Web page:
If all of that isn’t disturbing enough, I have started to see the world as potential 4cm x 4cm snapshot fragments. As an interior designer, I am used to analyzing the space around me and taking a critical eye to the built environment, but this is just ridiculous. What sane person walks around in life framing up every rusty doorknob and morsel of peeling paint, wondering how many ‘likes’ it will earn?!

Secrets and Lies.

To this end, I have been lying to everyone (including myself) about my addiction. Apologising for the lack of correspondence and blaming it on my impossibly busy Japanese life (ha). ‘Sorry, I haven’t been on Skype because I’m studying’ (when I’m really tagging photos on Instagram with a movie on in the background). ‘I’ve been meaning to email, I’ve just been out enjoying this weather so much!’ (when I’m actually taking walks in countryside Japan…scouring for Instagram material).

The low point came today when I met a friend to study Japanese for the day. I heard myself moaning to him about all the physical ailments that have been plaguing me of late…and I heard myself lying to him about my belief of what caused all the problems. I was bald-faced lying to a friend to cover up my addiction to an iPhone application. I believe ladies and gentlemen, that is what is called ‘rock bottom’.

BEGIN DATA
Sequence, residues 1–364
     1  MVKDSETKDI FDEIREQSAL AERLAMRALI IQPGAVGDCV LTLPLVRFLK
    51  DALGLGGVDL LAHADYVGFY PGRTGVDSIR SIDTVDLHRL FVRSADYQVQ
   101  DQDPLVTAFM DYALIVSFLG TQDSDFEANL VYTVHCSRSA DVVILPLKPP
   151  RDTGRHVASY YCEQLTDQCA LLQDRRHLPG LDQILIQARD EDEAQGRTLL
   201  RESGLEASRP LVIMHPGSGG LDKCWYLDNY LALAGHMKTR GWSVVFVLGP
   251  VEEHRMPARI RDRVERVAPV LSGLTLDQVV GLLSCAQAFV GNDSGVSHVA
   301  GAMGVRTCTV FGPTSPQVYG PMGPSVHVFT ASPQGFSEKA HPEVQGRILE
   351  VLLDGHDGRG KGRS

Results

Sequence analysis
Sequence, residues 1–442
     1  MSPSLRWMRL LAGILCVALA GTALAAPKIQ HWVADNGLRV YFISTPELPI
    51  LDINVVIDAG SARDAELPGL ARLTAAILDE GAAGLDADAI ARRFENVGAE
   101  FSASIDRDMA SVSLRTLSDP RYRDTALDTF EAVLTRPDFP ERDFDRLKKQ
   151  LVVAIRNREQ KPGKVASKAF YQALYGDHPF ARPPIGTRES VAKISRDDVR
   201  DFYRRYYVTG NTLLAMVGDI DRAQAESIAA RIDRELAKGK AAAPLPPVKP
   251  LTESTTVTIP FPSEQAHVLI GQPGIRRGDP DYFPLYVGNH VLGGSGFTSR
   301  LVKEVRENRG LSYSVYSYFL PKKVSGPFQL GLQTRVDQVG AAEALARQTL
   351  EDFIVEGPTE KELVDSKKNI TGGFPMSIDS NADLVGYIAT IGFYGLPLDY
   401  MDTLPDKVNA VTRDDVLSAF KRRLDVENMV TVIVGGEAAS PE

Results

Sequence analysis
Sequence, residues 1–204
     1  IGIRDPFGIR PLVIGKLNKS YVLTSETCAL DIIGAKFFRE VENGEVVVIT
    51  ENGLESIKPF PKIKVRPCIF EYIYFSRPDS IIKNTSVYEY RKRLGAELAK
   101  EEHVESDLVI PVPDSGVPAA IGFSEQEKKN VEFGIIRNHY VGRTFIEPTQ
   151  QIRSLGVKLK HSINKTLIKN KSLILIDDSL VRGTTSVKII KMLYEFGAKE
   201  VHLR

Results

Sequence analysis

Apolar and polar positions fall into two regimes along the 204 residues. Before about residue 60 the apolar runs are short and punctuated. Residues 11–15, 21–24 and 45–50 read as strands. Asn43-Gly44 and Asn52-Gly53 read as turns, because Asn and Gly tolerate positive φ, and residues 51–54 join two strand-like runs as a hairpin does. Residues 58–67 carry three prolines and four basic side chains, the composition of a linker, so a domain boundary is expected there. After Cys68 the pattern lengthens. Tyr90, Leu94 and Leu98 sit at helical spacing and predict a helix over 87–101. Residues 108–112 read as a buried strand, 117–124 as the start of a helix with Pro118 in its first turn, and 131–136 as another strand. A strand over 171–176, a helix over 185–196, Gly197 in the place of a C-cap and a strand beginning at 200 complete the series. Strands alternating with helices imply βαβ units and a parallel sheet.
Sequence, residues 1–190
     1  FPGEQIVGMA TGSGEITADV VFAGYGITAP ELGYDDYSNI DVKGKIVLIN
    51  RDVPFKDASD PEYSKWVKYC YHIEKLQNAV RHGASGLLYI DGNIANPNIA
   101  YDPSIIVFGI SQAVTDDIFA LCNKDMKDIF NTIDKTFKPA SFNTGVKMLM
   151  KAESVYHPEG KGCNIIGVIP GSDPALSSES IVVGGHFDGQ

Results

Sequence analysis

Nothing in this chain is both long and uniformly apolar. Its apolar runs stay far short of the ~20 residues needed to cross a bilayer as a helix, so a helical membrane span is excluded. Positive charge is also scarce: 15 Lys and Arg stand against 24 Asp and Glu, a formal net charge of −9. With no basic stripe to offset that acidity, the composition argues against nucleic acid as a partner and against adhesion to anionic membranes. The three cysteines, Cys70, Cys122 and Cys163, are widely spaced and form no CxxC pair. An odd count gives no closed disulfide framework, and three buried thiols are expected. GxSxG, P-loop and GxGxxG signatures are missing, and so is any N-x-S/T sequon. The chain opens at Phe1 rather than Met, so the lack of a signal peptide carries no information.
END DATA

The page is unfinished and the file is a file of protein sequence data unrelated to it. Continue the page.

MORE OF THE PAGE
Guilt and Shame.

Hitting rock bottom was what made me decide I needed to come clean about this addiction and make efforts to overcome it. The guilt and shame have become too much. What the hell am I doing?! It’s an iPhone app.

I should be studying (with exactly 42 days left until my impending N3 JLPT exam). I should be out making the most of my last year in Japan. I should be staying in touch with my family and friends all over the globe. I should be dedicating time to creating my business…my future.

I am so ashamed that as a grown woman, I managed to get hooked on such a ridiculous pastime. How did I get to a point where I need a stranger to click on a ‘like’ button to feel satisfaction and personal worth?


I’ve been living life through the lens of my iPhone for the last month. Trapped in this sad little world, detached from my real surroundings. I’m done. I’m seizing my life back and initiating an Instavention.

I’m going to  stop taking an inordinate amount of photos a day. I’m going to stop checking Instagram 20 times a day to waste time looking at pretty pictures. I’m going to stop uploading my Instagram photos to facebook. I’m going to put a stop to all these physical problems I’ve been suffering.  I’m going to stop being an Instaholic.

I’m going to start dedicating my time to all the worthwhile, real endeavours in my life. I’m going to start…tomorrow…